The majority of cyber-attacks relating to espionage activity concern the theft of intellectual property and commercial intelligence material. So, one should ask which country has the most to gain from the theft of such material?
There are several candidates, given the possibilities for stolen IP to accelerate economic growth, provided an industrial base exists within the country. However, to successfully engage in cyber-espionage, a nation must also have access to skilled individuals with the ability to manipulate and exploit the internet and a systems infrastructure that can cloak this activity. China would appear to be the primary candidate.
Mandiant, a US-based security company, agrees with this view and has identified three important historical factors supporting the notion that the People’s Republic of China (PRC) conducts cyber-espionage:
- Traditional Chinese approaches to commerce have never emphasized a distinct divide between the public and private sectors, and there is no stigma attached to espionage in general, much less for economic purposes
- Over the past three decades, strengthening the country’s technological and industrial base at all costs and through all means has been a critical national security concern for the PRC to avoid both the humiliations China has suffered in the past at the hands of imperialist powers and to assume the role of a great power in the future
- The Communist Party of China (CPC) has banked its legitimacy almost completely on the promise of breakneck economic growth, having largely abandoned Marxism as a dead end and instead attempts to adapt the country to a modern market economy
At the beginning of June 2013, security firm Kaspersky Labs released a report identifying a cyber-espionage group called NetTraveler. The operations of this group has been traced to four networks near Shanghai – with some operations taking place at a location that is also the headquarters of Unit 61398, a division of China’s military. This secret division is likely operating from the Dudong complex in Shanghai. Kaspersky found a ‘how-to list’ of instructions given to NetTraveler recruits, detailing steps how to create a cyber-attack, as well as a list of targets.
The group apparently comprises young college graduates and military analysts and seemingly steals data on space exploration, nanotech, energy production, nuclear power, lasers, computing and communications. In all of these areas, China aims to enhance its vertical integration business ambitions. China’s strategy is to move from the world’s manufacturer to a world leader in all areas of technology within 10 years.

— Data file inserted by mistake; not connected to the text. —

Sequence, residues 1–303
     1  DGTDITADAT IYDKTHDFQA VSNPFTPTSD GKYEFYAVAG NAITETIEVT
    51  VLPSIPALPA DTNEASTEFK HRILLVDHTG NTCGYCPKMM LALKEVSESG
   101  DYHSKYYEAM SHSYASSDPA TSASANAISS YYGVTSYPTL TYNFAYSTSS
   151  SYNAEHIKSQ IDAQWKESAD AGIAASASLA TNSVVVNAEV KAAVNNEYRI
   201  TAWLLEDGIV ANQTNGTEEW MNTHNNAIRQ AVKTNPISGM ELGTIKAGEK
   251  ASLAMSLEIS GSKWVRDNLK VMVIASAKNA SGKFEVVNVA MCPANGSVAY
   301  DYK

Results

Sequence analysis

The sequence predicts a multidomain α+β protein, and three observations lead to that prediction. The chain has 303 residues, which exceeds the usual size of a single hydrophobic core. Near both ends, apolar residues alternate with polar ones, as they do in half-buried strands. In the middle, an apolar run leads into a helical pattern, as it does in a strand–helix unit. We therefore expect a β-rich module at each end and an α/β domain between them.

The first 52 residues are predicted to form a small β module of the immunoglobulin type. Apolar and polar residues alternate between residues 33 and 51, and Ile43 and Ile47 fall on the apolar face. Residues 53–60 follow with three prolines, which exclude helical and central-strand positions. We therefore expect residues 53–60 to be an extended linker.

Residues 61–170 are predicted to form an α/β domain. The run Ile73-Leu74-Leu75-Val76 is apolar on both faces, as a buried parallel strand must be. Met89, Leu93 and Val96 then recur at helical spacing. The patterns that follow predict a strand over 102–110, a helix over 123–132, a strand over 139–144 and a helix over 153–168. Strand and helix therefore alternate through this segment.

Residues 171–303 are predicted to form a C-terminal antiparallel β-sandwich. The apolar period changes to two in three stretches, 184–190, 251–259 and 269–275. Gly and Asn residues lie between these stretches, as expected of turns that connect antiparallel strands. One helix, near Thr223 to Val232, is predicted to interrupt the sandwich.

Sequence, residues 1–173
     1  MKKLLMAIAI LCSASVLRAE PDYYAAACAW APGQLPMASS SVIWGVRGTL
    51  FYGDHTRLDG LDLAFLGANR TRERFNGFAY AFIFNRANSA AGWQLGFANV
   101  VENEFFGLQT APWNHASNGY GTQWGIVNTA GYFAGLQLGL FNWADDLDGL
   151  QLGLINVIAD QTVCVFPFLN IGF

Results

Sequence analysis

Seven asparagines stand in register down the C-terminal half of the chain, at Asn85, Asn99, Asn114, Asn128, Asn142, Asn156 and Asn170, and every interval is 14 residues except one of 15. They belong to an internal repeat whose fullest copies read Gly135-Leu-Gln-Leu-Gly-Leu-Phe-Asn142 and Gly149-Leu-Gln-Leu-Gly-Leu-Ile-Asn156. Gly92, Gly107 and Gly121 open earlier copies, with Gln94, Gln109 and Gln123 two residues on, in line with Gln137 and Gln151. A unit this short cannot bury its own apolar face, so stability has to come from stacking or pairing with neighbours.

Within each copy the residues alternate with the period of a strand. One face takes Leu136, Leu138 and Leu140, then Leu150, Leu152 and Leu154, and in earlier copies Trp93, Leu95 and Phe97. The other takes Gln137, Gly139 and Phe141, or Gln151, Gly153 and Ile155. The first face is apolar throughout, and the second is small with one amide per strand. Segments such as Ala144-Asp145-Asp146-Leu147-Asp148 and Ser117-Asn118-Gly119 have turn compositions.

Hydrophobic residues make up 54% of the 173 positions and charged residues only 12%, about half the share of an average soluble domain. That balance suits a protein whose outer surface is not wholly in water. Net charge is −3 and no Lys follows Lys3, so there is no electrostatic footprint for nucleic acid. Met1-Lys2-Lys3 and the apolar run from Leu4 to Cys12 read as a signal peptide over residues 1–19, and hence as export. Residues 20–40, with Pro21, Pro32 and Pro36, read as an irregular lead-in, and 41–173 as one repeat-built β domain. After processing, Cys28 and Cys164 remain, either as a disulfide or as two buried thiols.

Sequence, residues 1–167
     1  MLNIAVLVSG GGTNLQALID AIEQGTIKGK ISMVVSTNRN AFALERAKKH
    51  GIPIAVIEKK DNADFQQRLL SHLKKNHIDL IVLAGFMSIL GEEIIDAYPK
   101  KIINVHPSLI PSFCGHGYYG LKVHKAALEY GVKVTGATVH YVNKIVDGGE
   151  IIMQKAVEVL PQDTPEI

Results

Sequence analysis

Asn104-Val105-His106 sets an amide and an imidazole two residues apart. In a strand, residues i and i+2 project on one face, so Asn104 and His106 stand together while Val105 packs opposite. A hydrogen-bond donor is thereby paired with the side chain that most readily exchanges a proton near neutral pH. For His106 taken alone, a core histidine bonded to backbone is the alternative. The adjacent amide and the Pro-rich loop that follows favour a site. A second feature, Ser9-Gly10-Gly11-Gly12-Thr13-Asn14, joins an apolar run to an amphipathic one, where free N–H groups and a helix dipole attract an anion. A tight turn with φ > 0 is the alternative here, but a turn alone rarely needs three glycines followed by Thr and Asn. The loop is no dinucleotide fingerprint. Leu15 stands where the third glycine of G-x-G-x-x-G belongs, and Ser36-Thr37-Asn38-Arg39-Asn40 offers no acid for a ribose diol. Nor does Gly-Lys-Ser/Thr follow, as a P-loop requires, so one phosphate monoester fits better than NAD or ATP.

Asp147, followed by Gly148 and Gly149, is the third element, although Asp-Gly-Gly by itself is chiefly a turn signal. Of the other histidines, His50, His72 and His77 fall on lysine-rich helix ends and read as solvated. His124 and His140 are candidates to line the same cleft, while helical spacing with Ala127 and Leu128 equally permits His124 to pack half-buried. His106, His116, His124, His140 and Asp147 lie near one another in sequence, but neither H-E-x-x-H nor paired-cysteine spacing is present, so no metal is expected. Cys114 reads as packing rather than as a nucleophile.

On May 28, 2013, it was reported that the cabling and security control blueprints for the Australian Security Intelligence Organisation’s (ASIO) new headquarters were accessed by Chinese hackers operating from the state-sponsored Dudong complex.
Earlier in May, the Pentagon – for the first time – directly accused the Chinese government of targeting US government computers with the aim of harvesting intelligence information. US aerospace giant, Lockheed Martin, alleged that Chinese hackers from the Dudong Complex accessed or attempted to infiltrate its valuable and sensitive IP.
Europe has not escaped the attention of the NetTraveler. Many industrial firms have reported illegal access and attempts on their systems, citing the Shanghai network as the source of the hacking. Small to medium-sized enterprises were also targeted, as many engage in focused research for larger corporations.
At the business level, China refutes the accusations and claims the hackers may be routing their attacks through China to cloak their identity. However, analysis of web network activity within Europe suggests otherwise. At the state level, the Chinese government refuses to comment, thus adopting their traditional stance. Nevertheless, Mandiant has issued what I believe is definitive proof that the Chinese government is behind the majority of high-profile cyber-espionage attacks on US businesses.
Strong evidence would suggest that the Chinese government and businesses are actively supporting or participating in cyber-espionage to position the PRC as the world’s dominant supplier of high technology, thus potentially raising its economy to the number one position globally and at the same time, improving national security.
David Stupples is a Professor of Systems and Cryptography at City University London. Stupples is an active researcher on internet security, with a focus on cyber-terrorism and organized cybercrime.